Baerbock announces visa process reform


Scholz and Baerbock at the Federal Office for Foreign Affairs

During a joint visit to the new Federal Office for Foreign Affairs (BfAA) in Brandenburg on Tuesday, Scholz and Baerbock spoke about an unbureaucratic visa process.


(Photo: dpa)

Brandenburg foreign minister Annalena Bärbock has announced a radical reform of the visa process so that more professionals after Germany can come. “A modern immigration country needs a modern right of residence and an unbureaucratic visa procedure,” said the Green politician on Tuesday during a joint visit with the Chancellor Olaf Scholz (SPD) in the new Federal Office for Foreign Affairs (BfAA) in Brandenburg.

The current federal government, however, found a system that was more based on the last century and with which “there was a skeptical – not to say rather deterrent – reaction to some who wanted to work and study in Germany or wanted to come here”.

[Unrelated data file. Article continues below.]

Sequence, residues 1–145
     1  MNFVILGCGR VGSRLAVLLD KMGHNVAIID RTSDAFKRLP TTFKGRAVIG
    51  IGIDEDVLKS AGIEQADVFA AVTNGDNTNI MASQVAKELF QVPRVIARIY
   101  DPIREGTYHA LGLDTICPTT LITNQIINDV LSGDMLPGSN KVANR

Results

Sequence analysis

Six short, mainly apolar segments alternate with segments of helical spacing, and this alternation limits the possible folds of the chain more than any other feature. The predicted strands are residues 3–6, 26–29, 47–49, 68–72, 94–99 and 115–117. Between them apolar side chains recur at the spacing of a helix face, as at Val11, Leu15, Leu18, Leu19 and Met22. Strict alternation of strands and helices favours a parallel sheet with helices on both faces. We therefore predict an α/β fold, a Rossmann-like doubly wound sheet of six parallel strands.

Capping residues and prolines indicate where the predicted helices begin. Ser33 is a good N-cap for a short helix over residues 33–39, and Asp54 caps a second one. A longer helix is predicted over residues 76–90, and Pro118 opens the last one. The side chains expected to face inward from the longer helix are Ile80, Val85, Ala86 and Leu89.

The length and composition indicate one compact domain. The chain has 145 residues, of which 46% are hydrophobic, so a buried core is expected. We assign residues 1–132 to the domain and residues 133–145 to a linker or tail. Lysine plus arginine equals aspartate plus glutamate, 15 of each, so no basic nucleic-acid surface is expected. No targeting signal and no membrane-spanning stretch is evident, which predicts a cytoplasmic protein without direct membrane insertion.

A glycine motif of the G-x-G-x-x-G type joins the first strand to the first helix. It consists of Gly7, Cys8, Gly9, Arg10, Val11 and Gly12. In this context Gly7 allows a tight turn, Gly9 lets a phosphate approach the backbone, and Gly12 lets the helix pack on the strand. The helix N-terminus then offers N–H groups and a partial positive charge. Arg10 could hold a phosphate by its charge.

That’s why you don’t just want to hire more staff for visa processing. “This also means turning the visa process upside down,” said Baerbock. One is needed digitalization of the procedure and the examination of whether state authorities could work in parallel during examinations. Germany needs IT specialists as well as cooks and health workers. Therefore, individual state regulations are not useful.

From the point of view of Chancellor Olaf Scholz (SPD), the recruitment of skilled workers to Germany is becoming increasingly important. “We know that we can only ensure our future, the performance of our economy, the performance of our social security systems if we have enough skilled workers,” said Scholz on Tuesday. He also described faster procedures as a major challenge in view of the growing need for skilled workers. “That’s why it’s important that we have a highly efficient authority,” emphasized the Chancellor.

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In the past year, 25,000 visa applications for specialists and their family members were processed at the BfAA. The number is expected to increase to 100,000 per year by 2024 after an increase in staff. The subordinate authority of the Federal Foreign Office currently has 560 positions. The workforce is expected to increase to 1,000.

More: Shortage of skilled workers almost back to pre-corona level



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